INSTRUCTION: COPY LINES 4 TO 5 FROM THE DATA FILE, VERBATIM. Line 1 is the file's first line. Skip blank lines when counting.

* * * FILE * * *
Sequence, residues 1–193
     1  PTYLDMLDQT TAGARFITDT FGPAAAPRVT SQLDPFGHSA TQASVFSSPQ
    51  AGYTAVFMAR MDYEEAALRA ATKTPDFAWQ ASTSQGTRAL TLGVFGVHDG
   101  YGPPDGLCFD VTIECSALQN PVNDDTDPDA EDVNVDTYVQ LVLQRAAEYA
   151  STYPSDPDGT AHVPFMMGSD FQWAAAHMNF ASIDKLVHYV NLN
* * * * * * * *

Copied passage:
   101  YGPPDGLCFD VTIECSALQN PVNDDTDPDA EDVNVDTYVQ LVLQRAAEYA
   151  STYPSDPDGT AHVPFMMGSD FQWAAAHMNF ASIDKLVHYV NLN